Michelle Byrom’s story is painful and ugly. Edward Byrom, Sr. raped her, then married her. She was 15, he was 31. The years that followed were violent and terrible. Yet none of this was argued at Michelle Byrom’s trial as mitigating circumstances. Nor were the facts that her son had gunshot residue on his hands or that he told both a prison psychiatrist and wrote in letters that he had killed his father because of the endless abuse both he and his mother suffered. The letters–one describes the crime-of-passion murder after another incident of abuse in tragic detail–were not introduced at trial.

Michelle Byrom was urged to forego jury sentencing and have only the judge decide her fate. That judge sentenced her to death–even though he had testimony that Byrom Jr. had committed the murder. What’s more, Byrom’s defense attorneys never called any witnesses nor did they have their own expert witness testify to her damaged psychological state which would have made it impossible for her to plan and execute the murder.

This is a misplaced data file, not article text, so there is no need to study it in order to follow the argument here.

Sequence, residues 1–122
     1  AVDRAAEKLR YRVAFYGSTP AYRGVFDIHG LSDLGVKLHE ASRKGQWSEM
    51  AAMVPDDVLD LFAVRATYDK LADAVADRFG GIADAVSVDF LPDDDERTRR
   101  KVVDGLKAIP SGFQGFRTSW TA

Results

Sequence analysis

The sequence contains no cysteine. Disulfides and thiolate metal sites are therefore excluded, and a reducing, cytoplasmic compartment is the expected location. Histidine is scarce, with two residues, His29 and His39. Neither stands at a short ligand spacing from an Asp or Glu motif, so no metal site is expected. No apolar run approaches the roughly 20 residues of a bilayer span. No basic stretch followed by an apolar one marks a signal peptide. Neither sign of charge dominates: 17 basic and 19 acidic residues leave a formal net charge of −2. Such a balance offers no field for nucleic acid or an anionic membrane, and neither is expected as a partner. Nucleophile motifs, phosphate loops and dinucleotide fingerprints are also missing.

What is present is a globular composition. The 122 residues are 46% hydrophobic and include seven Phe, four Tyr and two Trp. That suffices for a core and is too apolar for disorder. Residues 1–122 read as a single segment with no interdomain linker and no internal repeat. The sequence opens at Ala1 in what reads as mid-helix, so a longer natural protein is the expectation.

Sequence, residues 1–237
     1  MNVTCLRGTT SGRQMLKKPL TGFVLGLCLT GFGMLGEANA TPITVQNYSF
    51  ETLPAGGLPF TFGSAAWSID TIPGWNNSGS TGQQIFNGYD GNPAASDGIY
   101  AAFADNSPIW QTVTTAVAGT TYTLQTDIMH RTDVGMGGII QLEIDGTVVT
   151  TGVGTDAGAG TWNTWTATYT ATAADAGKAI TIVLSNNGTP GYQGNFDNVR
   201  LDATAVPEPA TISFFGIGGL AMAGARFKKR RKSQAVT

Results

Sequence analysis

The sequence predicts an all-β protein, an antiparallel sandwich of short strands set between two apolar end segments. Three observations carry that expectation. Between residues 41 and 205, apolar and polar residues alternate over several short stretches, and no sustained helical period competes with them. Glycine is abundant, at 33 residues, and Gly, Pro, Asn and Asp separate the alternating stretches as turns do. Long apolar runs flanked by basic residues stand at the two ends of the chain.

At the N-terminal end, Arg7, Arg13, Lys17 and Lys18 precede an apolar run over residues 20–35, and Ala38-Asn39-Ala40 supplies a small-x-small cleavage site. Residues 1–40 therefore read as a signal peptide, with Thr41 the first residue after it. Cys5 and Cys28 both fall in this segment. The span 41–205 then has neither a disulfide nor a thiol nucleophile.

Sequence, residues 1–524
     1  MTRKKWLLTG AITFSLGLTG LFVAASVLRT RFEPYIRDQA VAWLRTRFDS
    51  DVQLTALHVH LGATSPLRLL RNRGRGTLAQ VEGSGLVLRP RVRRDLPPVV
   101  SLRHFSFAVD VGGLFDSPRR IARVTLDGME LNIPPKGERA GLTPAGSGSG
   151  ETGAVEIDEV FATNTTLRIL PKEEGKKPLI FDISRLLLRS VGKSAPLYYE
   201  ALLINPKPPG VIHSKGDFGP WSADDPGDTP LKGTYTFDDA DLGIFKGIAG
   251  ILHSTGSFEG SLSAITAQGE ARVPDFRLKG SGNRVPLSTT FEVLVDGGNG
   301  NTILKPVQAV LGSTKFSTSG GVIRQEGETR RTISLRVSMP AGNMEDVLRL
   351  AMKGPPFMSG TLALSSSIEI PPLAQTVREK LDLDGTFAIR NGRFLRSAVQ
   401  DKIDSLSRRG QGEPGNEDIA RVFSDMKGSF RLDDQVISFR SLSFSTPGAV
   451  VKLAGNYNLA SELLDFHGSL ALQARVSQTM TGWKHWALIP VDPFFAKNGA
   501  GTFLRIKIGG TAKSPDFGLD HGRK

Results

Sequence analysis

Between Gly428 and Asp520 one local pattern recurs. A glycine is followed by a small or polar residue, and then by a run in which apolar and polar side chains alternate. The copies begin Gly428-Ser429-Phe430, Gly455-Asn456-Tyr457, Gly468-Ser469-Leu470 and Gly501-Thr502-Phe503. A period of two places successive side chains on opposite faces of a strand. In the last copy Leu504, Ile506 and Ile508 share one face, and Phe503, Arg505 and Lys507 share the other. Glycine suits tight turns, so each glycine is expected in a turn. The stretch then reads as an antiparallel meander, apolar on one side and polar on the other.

The stories of the majority of women on death row point to clear patterns. Half the women on death row killed abusive husbands or boyfriends. The oldest woman on death row, Blanche Moore, allegedly killed her father, who had prostituted her to pay off his gambling debts. Moore turned 81 in February. Other women were accomplices to murder while in thrall to much older men who lured them into participating in crime sprees.

A dozen women–all mentally ill–killed their young children. Two others committed murder while in totally altered mental states. Lisa Montgomery killed a woman in order to steal her unborn baby. (The baby was later returned to her father when Montgomery was captured.) Linda Carty committed a similar crime in Texas.